Paintings are just as tactile as they are visual. Materiality is at the core of the artist’s pictorial development, as he created a particular painting technique over a span of 10 years. The paint is meticulously applied to the surface by superposing and rubbing about 25 layers – a method which allows the under layers to show through and gives the painting its beautiful hues and nuances. The paint piled up defines lines, embossment and a texture, which is in turn highlighted by lights and shadows and emphasise the depth and quality of the hues.
The creative process is key to his representations. While the subject is of importance, the artist prefers to focus on how it is represented, for he believes that the role of painting is no more about the representation of reality and that the narrative emanates from the approach with which one subject is represented. Clerc starts by collecting and (re)composing images from fashion magazines and then work on his compositions and staging, through sketches, drawings, and models of the mannequins which shows the drapes and physical nature of the subjects. The subjects, distorted, become distinct from any visual reality and gain their own pictorial identity with bodies of unique proportions, posture and shapes. Models are then photographed to give 2D renderings of the subject, and the composition emerges from the distortions of successive reproductions.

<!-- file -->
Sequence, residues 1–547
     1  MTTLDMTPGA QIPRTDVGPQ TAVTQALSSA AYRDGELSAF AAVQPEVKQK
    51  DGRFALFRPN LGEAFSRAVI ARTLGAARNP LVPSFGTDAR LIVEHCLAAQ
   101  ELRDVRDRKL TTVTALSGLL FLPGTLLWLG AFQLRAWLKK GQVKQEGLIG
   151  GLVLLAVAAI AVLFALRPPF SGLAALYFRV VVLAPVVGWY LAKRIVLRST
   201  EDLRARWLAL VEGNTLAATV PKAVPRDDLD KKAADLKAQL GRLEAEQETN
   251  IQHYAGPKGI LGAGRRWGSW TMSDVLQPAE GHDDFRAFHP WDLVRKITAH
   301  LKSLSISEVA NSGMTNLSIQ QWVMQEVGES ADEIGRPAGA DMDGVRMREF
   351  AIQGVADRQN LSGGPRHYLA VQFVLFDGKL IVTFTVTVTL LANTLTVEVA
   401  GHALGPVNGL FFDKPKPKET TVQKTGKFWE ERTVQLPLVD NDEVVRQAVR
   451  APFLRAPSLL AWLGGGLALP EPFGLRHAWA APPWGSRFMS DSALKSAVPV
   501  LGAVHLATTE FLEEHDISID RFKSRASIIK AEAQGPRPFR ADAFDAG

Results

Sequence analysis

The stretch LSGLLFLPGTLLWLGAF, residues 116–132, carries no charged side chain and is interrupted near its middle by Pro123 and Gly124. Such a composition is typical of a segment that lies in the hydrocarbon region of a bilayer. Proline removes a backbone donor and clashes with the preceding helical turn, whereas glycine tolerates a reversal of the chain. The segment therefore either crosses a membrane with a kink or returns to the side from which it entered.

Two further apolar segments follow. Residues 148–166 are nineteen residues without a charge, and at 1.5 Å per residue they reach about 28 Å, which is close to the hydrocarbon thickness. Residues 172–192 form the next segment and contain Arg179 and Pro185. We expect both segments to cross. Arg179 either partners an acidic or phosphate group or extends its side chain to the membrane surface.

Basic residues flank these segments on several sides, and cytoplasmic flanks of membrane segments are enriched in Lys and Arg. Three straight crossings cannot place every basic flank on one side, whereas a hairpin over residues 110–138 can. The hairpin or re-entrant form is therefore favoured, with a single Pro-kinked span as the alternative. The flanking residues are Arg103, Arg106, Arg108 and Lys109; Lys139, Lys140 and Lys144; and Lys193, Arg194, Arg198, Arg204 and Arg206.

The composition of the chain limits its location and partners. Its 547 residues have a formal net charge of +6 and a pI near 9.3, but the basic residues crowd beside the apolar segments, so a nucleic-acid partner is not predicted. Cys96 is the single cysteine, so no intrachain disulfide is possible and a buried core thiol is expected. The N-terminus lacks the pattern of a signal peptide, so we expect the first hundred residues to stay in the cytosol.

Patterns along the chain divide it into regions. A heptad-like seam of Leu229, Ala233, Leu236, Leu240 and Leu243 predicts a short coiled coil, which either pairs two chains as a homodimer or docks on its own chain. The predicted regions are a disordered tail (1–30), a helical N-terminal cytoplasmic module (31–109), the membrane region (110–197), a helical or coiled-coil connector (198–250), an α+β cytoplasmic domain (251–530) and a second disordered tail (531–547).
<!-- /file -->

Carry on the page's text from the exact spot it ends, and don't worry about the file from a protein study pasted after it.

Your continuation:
All works are numbered in an almost scientific manner. With a curriculum in both arts and chemical studies before devoting his time solely to painting. Accordingly, this multi-disciplinary career impacts on his artistic development. His painting technique, which only him can master, points out to a methodic, scientific-like approach (2-3 months, always working on his own) and his use of stencils on the frames to number each painting like research samples also points out to the rigour with which he develops his oeuvre.
Yves Clerc is collected around the world by high fashion couturiers and sold at auction houses like Christie’s and Sotheby’s. Leading scenographer Leïla Menchari used several of his works as central pieces to the shopping windows of the luxury brand Hermes.